Criminal harassment

Aboriginal people reported rates of stalking that were twice the level for non-Aboriginal people (17% compared with 9%). Rates were highest for Aboriginal women, almost twice as high as for non-Aboriginal women (21% compared with 11%).

Spousal homicide

Overall homicide rates are higher among Aboriginal people (Figure 50). With respect to spousal homicide, the rate for Aboriginal women was eight times the rate for non-Aboriginal women. For Aboriginal men, the spousal homicide rate was 38 times higher than the rate for non-Aboriginal men. These figures undercount the number of Aboriginal people who were victims of homicide as in some cases, this information was not known to police at the time the data were reported. In addition, in accordance with internal policy, some police services do not report the Aboriginal status of victims and accused persons to the Homicide Survey.

Figure 50 Rates of spousal homicide, by sex of victim and Aboriginal status, 1997 to 2000. Opens a new browser window.

Figure 50 Rates of spousal homicide, by sex of victim and Aboriginal status, 1997 to 2000

Homicide occurs in a somewhat different context for Aboriginal women and men compared with non-Aboriginal people. As a percentage of all homicide victims, spouses, parents and other family members make up a smaller percentage of those accused of killing female Aboriginal victims compared with their non-Aboriginal counterparts (Table 10). Family members made up 45% of those accused of homicide against Aboriginal women and 68% of those accused of homicide against non-Aboriginal women.

Table 10 Aboriginal and non-Aboriginal victims of homicide in Canada, by sex and accused-victim relationship, 1997 to 2004. Opens a new browser window.

Table 10 Aboriginal and non-Aboriginal victims of homicide in Canada, by sex and accused-victim relationship, 1997 to 2004

Non-spousal violence

The 2004 GSS shows that Aboriginal people have higher rates of non-spousal violence and are threatened with violence in and around their homes to a greater extent than non-Aboriginal people. With respect to violence involving offenders other than spouses, Aboriginal people are twice as likely to report that the violence occurred in and around the victim’s home. This is partly due to the fact that Aboriginal people are more likely to be living in rural areas, where there are fewer other high-risk locations, such as commercial establishments (Brzozowski et al. 2006).

Sample counts on the GSS are too low to produce statistically reliable estimates of sexual assault against Aboriginal women. However, police statistics comparing crime on and off reserves show that sexual assault and other violent crimes are more likely to occur on reserves. Rates of violent crime were 7,108 per 100,000 population on reserves and 953 off reserves; rates of sexual assault and other sexual offences were 564 and 83, respectively (Brzozowski et al. 2006).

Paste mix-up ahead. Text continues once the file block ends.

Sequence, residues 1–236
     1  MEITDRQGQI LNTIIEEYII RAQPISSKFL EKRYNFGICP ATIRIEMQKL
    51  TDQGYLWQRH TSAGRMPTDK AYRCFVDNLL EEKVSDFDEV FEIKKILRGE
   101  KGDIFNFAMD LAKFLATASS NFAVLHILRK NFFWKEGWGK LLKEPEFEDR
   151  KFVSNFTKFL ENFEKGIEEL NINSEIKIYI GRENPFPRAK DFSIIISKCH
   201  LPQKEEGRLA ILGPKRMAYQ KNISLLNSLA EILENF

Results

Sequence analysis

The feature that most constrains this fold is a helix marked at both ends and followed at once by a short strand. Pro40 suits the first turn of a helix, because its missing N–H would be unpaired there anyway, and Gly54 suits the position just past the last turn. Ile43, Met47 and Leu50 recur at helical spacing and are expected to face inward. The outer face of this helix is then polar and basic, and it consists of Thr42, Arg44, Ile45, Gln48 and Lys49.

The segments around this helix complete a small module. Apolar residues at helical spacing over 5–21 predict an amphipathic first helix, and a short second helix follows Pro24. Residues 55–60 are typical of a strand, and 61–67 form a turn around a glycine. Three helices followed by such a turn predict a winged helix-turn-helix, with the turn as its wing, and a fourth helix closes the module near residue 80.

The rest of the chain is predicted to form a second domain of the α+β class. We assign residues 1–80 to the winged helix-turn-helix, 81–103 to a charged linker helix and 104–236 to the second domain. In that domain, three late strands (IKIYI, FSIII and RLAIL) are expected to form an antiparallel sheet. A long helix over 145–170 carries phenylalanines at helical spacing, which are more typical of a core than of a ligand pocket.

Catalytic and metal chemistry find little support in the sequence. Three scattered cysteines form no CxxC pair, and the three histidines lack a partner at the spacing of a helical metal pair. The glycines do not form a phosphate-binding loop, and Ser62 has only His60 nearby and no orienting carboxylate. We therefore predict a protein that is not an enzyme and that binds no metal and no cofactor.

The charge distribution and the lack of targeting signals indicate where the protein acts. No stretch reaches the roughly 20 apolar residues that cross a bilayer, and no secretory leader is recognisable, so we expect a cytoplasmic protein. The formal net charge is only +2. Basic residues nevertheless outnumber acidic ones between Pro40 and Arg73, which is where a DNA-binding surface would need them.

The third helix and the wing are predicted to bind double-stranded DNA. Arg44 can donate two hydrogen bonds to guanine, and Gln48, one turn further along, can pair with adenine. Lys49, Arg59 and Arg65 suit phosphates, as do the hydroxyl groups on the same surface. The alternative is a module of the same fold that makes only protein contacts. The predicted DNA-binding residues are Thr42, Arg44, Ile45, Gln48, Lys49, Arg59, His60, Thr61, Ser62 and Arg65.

Specialized services for Aboriginal people

Among the 473 shelters for abused women that responded to the Transition Home Survey in 2004, 31% (148) served populations living on reserves and 7% (31) were located on reserves. In addition, two-thirds of shelters across Canada reported that they offer some form of culturally sensitive services to Aboriginal women.  These include support services that recognize traditional healing methods, the use of spiritual elders and access to resource materials in Aboriginal languages.

Among the 484 victim service agencies that responded to the Victim Services Survey, one-quarter (121) provided specific programs for Aboriginal people and one-quarter were able to provide services in an Aboriginal language. Thirty percent of all agencies operated programs designed to address the specific forms of abuse suffered by Aboriginal people in residential schools.

Use of services by Aboriginal women

Between April 1, 2003 and March 31, 2004, a total of 1,847 women and 1,672 children were admitted to shelters located on reserves (Taylor-Butts 2005). Among almost 5,000 women and children residing in shelters on April 14, 2004, 173 were in shelters on reserves.

According to the 2004 GSS, Aboriginal women who were victims of spousal violence were more likely than non-Aboriginal women to report to the police and more likely to use social services (Figure 51). This is in keeping with the more serious nature of the violence perpetrated against them.

Figure 51 Percentage of Aboriginal women who used social services and reported spousal violence to the police, 2004. Opens a new browser window.

Figure 51 Percentage of Aboriginal women who used social services and reported spousal violence to the police, 2004

Summary of violence against Aboriginal women

Rates of spousal violence are higher among Aboriginal women than Aboriginal men or non-Aboriginal people.  Many risk factors associated with violence for Aboriginal people have been cited, including lower educational achievement, higher unemployment rates, alcohol abuse, experiences of colonization, feelings of devaluation among Aboriginal people, and a history of abuse in residential schools.  Although data on sexual assault are limited, police statistics show that rates of sexual assault and other types of violence are many times higher on reserves than in non-reserve areas. Spousal violence experienced by Aboriginal women is more severe, including a higher risk of homicide.

More detailed data captured through a refinement of research tools are needed to more fully explore and understand the nature, prevalence, risk factors and impacts of violence against Aboriginal women.


Note

1. This report uses the Aboriginal identity concept as the definition for the Aboriginal population. A total of 976,305 people identified with one or more Aboriginal groups (North American Indian, Métis or Inuit) in the 2001 Census. Assumptions about the Aboriginal identity of perpetrators of spousal violence should not be made based on the identity of victims.